Total system cost depends on a number of factors, such as building type and square footage, and whether you hire one security provider or multiple.

As we discussed, Title 24 covers specific codes for specific buildings, with some requirements more stringent than others. In many cases, more stringent requirements result in increased costs. California business owners have not been shy to push back against these demands, but California lawmakers have remained steadfast in their effort to ensure building safety. 

Alarm system size and scope vary depending on the job, and so will cost. A high rise apartment complex will cost significantly more than a newly constructed grocery store, both because of square footage and because of increased costs associated with stricter codes.

While building type and square footage are fixed variables, you have a choice that can greatly affect the final price: multiple security providers versus one security provider. Finding one security company that can handle all your needs can not only eliminate potential headaches, but also reduce cost. Consider what services you are paying for: system design, permit acquisition, and parts and labor. What if two or more providers find an issue with the others’ work? Multiple providers might slow things down. Or worse, they might cause delays in acquiring permits (which means you’re not meeting code!) if fire alarm systems from multiple providers aren’t compatible with one another. Vendors without the proper know-how can wind up installing a system that is not up to code. When the mistake is caught, you’ll be on the hook for change orders, which is a big expense.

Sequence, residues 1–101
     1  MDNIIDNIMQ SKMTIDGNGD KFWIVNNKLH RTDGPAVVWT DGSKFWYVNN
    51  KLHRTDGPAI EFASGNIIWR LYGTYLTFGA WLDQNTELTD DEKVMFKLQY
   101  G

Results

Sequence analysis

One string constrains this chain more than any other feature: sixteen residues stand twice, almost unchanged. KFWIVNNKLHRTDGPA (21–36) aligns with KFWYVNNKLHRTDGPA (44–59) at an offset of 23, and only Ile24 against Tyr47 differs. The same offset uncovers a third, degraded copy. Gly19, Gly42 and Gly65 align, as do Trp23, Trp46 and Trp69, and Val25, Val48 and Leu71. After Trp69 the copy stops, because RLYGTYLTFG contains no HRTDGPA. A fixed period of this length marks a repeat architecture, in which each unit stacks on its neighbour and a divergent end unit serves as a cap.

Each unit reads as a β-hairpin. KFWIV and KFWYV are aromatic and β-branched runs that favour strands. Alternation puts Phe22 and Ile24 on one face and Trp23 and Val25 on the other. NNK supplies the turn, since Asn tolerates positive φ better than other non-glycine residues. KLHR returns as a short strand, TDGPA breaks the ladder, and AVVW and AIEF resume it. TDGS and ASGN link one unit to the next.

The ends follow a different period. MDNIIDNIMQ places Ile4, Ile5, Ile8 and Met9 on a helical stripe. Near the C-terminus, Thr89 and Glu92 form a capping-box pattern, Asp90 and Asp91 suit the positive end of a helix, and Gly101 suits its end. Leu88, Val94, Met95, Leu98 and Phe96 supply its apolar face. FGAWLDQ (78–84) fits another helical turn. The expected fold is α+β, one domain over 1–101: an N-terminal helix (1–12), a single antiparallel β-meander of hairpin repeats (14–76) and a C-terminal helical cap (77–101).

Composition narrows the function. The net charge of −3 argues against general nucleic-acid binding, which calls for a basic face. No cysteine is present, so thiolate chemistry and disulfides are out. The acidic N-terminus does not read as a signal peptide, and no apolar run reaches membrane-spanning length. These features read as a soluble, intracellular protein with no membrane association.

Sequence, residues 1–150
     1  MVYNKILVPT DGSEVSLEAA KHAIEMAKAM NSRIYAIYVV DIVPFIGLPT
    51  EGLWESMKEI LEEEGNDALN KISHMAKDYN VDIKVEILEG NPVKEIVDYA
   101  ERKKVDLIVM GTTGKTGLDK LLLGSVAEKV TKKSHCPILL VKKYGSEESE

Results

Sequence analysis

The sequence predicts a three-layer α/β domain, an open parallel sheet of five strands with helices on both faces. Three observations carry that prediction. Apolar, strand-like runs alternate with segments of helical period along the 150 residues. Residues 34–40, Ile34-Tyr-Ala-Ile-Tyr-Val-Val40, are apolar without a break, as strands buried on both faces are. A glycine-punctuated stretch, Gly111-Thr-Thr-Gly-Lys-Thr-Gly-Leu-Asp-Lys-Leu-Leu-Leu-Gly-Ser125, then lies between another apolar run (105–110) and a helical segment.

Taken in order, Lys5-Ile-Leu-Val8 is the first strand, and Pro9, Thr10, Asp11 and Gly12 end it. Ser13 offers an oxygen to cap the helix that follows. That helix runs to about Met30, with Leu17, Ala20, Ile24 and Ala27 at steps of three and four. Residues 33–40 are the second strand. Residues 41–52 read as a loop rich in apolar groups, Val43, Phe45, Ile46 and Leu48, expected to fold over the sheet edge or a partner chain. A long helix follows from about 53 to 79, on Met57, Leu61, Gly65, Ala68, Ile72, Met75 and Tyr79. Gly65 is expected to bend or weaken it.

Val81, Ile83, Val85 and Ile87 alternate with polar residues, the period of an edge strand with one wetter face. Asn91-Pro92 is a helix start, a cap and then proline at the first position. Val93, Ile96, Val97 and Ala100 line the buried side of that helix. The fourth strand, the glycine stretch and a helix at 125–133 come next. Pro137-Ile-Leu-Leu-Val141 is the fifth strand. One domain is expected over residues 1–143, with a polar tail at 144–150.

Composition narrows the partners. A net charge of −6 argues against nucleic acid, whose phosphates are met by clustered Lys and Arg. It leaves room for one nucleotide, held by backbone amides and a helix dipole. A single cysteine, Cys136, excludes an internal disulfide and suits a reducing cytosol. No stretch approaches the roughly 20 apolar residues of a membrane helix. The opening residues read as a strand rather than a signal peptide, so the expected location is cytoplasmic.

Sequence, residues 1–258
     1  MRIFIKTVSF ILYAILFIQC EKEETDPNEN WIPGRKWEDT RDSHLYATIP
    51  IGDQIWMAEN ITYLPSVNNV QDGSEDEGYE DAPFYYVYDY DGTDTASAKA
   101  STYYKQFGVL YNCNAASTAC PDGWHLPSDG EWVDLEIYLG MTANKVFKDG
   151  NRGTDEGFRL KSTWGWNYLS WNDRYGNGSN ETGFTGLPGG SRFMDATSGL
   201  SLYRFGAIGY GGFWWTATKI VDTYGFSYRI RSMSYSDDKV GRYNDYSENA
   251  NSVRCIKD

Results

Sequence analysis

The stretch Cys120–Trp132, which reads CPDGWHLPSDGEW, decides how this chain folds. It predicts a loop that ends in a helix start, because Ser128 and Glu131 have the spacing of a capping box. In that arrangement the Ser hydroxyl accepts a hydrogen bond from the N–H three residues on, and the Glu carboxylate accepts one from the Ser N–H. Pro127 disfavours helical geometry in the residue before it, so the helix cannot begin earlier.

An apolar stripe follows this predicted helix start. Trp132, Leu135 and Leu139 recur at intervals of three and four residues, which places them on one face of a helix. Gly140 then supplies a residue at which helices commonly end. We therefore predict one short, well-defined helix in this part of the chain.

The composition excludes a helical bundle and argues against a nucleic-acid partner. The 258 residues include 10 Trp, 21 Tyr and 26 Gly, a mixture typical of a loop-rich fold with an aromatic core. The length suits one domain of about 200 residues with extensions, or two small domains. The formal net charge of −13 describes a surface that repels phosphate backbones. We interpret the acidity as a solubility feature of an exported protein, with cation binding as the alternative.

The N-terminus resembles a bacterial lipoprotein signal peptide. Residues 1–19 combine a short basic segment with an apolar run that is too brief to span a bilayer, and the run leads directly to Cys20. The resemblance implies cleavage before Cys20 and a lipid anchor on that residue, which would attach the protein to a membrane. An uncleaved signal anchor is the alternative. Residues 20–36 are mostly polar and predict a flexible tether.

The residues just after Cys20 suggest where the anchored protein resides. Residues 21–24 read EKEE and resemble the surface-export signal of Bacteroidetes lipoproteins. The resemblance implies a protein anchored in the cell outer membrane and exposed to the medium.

Backtracking to redo work, or waiting for work to be done, can balloon costs. Make sure to ask the security companies that you might hire if they have knowledge of local fire codes, so you can streamline the install process. 

It is absolutely necessary that your construction project meet code, and that comes at price. Gauging the cost of a commercial fire security plan comes down to square footage, building type, and the security company you hire. If you need a commercial security system for your project, contact the experts at Bay Alarm! We can design and install a system that meets code and helps to protect your building against fire.